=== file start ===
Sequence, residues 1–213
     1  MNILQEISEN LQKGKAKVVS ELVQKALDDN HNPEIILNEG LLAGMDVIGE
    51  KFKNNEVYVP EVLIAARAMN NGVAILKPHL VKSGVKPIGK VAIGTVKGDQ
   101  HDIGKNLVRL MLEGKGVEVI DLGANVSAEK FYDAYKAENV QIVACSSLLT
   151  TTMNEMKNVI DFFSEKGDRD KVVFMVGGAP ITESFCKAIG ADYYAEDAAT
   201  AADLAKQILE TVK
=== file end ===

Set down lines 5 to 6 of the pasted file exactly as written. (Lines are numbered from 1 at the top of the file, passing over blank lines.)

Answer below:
   151  TTMNEMKNVI DFFSEKGDRD KVVFMVGGAP ITESFCKAIG ADYYAEDAAT
   201  AADLAKQILE TVK